Europe investigating ‘attacks’ on Russian gas pipelines Europe – World
Stockholm: Europe was investigating on Tuesday what Germany and Denmark said were the attacks that caused a major leak into the Baltic Sea from two Russian pipelines at the center of the energy standoff.
But it was unclear who could be behind the leaks that were first reported on Monday or any foul play, if proven, that Russia and European partners have spent billions of dollars on Nord Stream pipelines.
German Economy Minister Robert Habeck told business leaders that the leaks were due to targeted attacks on infrastructure and that Berlin now knew for certain that “they were not caused by natural phenomena or incidents or physical fatigue”.
Poland’s prime minister blamed sabotage without citing evidence, Denmark’s premier said the leaks were apparently caused by deliberate acts, and Swedish police said they had launched an investigation into possible “gross sabotage”. Is.
Russia, which curtailed gas delivery to Europe after the West imposed sanctions on Moscow’s invasion of Ukraine, also said sabotage was a possibility and the leaks undermined the continent’s energy security.
A senior Ukrainian official, without providing evidence, described the incident as a Russian attack to destabilize Europe.
“We see clearly that this is an act of sabotage, which relates to the next stage of the situation in Ukraine,” Polish Prime Minister Mateusz Morawiecki said at the opening of a new pipeline between Norway and Poland.
Seismologists in Denmark and Sweden said they had recorded two powerful explosions around the leak on Monday.
The Geological Survey of Denmark and Greenland (GEUS) said: “The signs do not resemble earthquake signals. They usually resemble those recorded from eruptions.”
And seismologists from Sweden’s Uppsala University, who collaborates with GEUS, said the second, larger eruption “corresponds to more than 100 kilograms (kg) of dynamite”, adding that the explosions were in water not under the ocean.
The Nord Stream pipelines have been flashpoints in an escalating energy war between capitals in Europe and Moscow that has battered major Western economies, raised gas prices and fueled a hunt for alternative supplies.
Potential sabotage on gas pipelines would be ‘in nobody’s interest’, says Blinken
“Germany is a country that knows how to defend itself. And Europe is a continent that can protect its energy infrastructure,” said Hebeck of Germany. The energy supply of Europe’s largest economy was not affected.
The Danish armed forces said the largest gas leak caused a surface disturbance greater than 1 km (0.6 mi) in diameter.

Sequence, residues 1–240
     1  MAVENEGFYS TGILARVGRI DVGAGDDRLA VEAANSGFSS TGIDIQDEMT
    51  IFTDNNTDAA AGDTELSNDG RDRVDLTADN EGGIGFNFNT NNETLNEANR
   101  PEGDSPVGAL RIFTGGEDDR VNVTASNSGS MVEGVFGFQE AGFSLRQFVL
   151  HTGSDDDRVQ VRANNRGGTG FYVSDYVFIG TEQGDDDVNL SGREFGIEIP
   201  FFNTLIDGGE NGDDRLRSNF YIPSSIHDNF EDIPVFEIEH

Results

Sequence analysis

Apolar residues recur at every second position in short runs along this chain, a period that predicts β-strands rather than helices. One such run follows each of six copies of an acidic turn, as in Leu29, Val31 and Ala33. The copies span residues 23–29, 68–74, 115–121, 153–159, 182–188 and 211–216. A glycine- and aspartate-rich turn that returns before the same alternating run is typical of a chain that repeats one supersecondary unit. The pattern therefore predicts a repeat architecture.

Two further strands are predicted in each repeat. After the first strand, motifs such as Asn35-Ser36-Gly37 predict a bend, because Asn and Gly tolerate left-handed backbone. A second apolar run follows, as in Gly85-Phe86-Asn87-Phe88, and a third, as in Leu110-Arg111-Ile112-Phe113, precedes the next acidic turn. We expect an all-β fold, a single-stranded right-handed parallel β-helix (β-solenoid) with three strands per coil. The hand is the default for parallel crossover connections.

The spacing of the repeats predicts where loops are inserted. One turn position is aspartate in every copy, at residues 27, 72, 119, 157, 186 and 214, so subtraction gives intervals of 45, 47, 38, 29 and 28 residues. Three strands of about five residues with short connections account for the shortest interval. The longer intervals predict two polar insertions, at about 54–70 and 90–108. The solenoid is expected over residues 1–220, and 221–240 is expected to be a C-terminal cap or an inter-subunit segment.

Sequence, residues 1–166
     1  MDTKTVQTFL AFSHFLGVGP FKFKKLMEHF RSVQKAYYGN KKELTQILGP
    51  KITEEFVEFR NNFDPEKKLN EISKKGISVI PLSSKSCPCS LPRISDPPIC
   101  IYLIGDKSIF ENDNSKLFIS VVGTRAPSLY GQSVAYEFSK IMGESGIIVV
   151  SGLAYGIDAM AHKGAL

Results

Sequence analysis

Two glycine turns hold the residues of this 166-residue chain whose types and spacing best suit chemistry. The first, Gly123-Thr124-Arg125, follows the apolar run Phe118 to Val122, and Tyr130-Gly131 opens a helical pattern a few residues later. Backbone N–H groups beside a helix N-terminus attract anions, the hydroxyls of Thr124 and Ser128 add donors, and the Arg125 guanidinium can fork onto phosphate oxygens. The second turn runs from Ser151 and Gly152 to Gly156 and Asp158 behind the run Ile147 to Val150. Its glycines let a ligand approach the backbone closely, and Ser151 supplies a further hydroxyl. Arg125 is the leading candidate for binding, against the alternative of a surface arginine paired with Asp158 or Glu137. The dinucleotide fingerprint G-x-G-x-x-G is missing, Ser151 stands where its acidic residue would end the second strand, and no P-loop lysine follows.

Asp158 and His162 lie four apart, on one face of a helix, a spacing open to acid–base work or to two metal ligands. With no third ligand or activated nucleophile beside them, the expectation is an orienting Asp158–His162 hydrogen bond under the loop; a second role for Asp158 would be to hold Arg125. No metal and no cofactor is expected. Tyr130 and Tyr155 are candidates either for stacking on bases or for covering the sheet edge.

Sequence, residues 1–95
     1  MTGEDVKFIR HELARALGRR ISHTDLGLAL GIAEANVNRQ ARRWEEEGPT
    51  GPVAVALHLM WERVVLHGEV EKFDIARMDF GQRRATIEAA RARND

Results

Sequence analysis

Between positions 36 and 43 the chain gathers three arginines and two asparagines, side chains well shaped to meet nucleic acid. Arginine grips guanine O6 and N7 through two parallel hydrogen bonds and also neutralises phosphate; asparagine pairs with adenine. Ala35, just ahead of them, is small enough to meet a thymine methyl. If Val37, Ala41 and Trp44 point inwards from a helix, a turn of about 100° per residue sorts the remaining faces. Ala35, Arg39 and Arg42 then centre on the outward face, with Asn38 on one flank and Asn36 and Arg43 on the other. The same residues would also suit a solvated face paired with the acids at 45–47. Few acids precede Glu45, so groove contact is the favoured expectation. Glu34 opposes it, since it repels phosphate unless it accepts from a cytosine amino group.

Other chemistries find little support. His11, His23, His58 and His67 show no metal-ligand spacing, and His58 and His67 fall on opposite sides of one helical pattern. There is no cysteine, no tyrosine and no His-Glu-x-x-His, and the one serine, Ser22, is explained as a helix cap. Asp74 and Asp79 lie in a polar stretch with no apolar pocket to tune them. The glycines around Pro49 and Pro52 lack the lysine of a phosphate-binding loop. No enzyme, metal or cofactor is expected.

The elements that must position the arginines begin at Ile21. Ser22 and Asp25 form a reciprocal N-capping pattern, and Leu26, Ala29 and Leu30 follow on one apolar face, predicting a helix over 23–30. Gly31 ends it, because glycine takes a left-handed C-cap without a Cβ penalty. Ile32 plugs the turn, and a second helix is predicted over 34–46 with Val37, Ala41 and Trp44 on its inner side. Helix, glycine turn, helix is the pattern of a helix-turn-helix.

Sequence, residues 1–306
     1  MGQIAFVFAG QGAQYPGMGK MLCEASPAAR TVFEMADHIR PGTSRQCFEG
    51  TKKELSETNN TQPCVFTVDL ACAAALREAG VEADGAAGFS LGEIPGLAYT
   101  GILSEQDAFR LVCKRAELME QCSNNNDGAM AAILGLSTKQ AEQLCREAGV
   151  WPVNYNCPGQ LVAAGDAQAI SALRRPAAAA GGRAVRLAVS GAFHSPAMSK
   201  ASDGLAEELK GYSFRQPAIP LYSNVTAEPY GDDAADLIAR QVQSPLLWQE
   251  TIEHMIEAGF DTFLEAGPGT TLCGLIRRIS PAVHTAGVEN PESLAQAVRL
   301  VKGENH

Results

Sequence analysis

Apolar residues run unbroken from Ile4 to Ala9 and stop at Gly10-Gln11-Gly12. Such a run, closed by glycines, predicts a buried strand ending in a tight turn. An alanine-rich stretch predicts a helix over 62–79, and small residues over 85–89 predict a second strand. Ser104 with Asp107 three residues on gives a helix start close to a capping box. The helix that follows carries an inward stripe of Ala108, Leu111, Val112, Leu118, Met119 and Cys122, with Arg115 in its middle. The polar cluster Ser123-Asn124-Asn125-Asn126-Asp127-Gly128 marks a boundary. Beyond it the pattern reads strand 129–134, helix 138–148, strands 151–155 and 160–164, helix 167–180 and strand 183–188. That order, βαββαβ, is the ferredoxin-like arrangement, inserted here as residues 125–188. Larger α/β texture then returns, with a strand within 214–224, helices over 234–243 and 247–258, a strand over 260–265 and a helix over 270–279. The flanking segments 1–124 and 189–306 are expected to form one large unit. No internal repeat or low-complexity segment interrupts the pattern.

The leaks were huge and it could probably take a week before the gas from the Nord Stream 2 pipeline can stop, said Kristofer Botzouw, the head of Denmark’s energy agency.
Ships can lose buoyancy if they enter the area.
“The ocean’s surface is full of methane, which means there is an increased risk of explosions in the area,” Botzouw said.
The Swedish Maritime Administration (SMA) stated that there were two leaks on Nord Stream 1, one in the Swedish economic zone and the other in the Danish area, northeast of Bornholm, Denmark.
“We are keeping extra vigil to ensure that no ships come too close to the site,” an SMA spokesperson said.
Danish Prime Minister Mette Fredriksson said sabotage could not be ruled out. “We’re talking about three leaks with some distance between them, and so it’s hard to imagine that this is a coincidence,” she said.
Kremlin spokesman Dmitry Peskov called it “very concerning news. In fact, we are talking about some damage of an unclear nature to the pipeline in the Danish economic sector.” He said this has affected the energy security of the continent.
At the time the leak was discovered, neither pipeline was pumping gas into Europe, but events would eliminate any remaining hopes that Europe could receive fuel via Nord Stream 1 before winter.
Operator Nord Stream said the damage was “unprecedented”.
Gazprom, a Kremlin-controlled company that monopolizes Russian gas exports by pipeline, declined to comment.
“There is some indication that this is intentional harm,” a European security source said, adding that it is still too early to draw conclusions. “You have to ask: who will benefit?”
Meanwhile, Norway said it would strengthen security at its oil and gas installations in the wake of leaks and reports of drone activities in the North Sea, its Energy Minister Terje Ausland said in a statement.
Danish officials called for increased preparedness levels in the electricity and gas sector, a move that would require protection for power installations and facilities.
cut off supply
Russia reduced gas supplies to Europe via Nord Stream 1 before suspending the flow completely in August, blaming Western sanctions for technical difficulties. European politicians say it was an excuse to cut off gas supplies.
The new Nord Stream 2 pipeline was yet to enter commercial operation. Germany’s plan to use it to supply gas was scrapped by what Moscow calls a “special military operation” in February, days before Russia sent troops to Ukraine.
“Several underwater leaks mean that neither pipeline will deliver any gas to the EU in the coming winter, regardless of the political developments in the Ukraine war,” Eurasia Group wrote in a note.
European gas prices rose on the news, with the benchmark October Dutch price climbing nearly 10% on Tuesday. Prices are still below this year’s peak, but 200% higher than at the beginning of September 2021.